10 Items

The United Kingdom's Chris Huhne, then Secretary of State for Energy and Climate Change, speaks at the UN Framework Convention on Climate Change's 17th Conference of the Parties in Durban, South Africa, Dec 8, 2011.

AP Photo

Policy Brief - Harvard Project on Climate Agreements, Belfer Center

The Durban Platform Negotiations: Goals and Options

  • Daniel Bodansky
| July 2012

In December 2011, parties to the United Nations Framework Convention on Climate Change (UNFCCC) adopted the Durban Platform for Enhanced Action, which launched a new round of negotiations aimed at developing "a protocol, another legal instrument or an agreed outcome with legal force" for the post-2020 period. The Durban Platform negotiations got underway this year and are scheduled to conclude in 2015. This Viewpoint analyzes the elements of the Durban Platform and the possible role that a new instrument might play.

Discussion Paper - Harvard Project on Climate Agreements, Belfer Center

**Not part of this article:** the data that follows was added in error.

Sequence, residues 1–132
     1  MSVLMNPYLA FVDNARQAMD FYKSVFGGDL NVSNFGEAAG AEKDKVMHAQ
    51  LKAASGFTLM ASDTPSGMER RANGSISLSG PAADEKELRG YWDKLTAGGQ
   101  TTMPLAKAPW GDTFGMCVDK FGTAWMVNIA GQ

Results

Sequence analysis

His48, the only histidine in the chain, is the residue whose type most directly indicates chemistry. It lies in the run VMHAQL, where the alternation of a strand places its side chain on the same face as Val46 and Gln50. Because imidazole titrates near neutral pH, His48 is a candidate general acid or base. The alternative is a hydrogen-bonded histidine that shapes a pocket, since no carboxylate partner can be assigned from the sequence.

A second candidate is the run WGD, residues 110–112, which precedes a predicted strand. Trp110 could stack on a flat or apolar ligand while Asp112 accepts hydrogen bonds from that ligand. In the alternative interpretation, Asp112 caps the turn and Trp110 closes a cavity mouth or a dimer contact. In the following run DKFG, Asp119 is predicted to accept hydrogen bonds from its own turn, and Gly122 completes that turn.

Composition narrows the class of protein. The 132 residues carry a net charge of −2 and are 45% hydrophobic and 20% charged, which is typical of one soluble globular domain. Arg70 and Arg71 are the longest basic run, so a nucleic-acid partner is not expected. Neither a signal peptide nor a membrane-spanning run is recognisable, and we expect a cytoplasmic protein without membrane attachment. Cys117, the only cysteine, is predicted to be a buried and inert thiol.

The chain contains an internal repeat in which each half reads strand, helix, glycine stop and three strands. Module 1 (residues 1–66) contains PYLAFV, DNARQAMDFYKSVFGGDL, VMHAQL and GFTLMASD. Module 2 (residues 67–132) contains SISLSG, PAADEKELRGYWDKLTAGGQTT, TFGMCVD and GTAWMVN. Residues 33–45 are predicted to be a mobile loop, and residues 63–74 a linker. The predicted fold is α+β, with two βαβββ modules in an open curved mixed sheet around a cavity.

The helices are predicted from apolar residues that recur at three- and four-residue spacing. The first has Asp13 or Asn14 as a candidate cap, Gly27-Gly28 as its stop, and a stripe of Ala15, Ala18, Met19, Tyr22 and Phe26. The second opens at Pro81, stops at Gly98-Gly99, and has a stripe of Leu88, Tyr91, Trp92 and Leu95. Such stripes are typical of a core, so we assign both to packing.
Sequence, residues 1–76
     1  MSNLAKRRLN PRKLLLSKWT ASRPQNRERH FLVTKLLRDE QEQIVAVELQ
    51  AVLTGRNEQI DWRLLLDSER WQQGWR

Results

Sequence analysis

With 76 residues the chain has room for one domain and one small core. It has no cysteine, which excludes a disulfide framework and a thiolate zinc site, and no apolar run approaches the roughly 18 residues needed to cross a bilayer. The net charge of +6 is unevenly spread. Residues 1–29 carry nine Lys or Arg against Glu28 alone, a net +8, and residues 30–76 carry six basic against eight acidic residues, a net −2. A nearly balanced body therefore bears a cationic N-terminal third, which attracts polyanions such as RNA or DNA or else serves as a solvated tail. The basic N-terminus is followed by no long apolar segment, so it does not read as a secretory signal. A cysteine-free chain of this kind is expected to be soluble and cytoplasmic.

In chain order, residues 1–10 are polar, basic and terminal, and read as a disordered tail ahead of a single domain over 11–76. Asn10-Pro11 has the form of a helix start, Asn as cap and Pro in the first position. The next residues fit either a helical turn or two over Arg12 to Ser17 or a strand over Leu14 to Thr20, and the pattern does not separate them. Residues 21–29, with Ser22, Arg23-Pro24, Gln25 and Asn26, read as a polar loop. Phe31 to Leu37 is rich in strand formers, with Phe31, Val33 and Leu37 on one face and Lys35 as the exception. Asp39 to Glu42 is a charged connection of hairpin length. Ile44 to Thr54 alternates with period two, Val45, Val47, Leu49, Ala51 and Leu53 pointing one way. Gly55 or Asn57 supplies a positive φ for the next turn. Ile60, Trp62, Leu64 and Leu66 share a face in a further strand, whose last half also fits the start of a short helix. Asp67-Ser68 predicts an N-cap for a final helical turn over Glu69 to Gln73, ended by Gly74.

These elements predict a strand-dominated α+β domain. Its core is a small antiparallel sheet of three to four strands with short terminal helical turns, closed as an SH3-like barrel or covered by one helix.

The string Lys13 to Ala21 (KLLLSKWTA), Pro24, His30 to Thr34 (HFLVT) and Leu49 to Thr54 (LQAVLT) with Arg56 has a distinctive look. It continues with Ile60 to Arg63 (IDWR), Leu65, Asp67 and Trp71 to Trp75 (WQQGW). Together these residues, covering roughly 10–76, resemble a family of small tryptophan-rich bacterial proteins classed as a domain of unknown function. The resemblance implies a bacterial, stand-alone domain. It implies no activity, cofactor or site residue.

Incentives and Stability of International Climate Coalitions: An Integrated Assessment

  • Valentina Bosetti
  • Carlo Carraro
  • Enrica De Cian
  • Emanuele Massetti
  • Massimo Tavoni
| March 2012

"A successful international climate policy framework will have to meet two conditions, build a coalition of countries that is potentially effective and give each member country sufficient incentives to join and remain in this coalition. Such coalition should be capable of delivering ambitious emission reduction even if some countries do not take mitigation action. In addition, it should meet the target without exceedingly high mitigation costs and deliver a net benefit to member countries as a whole. The novel contribution of this paper is mostly methodological, but it also adds a better qualification of well-known results that are policy relevant."

Discussion Paper - Harvard Project on Climate Agreements, Belfer Center

Sustainable Cooperation in Global Climate Policy: Specific Formulas and Emission Targets to Build on Copenhagen and Cancun

| September 2011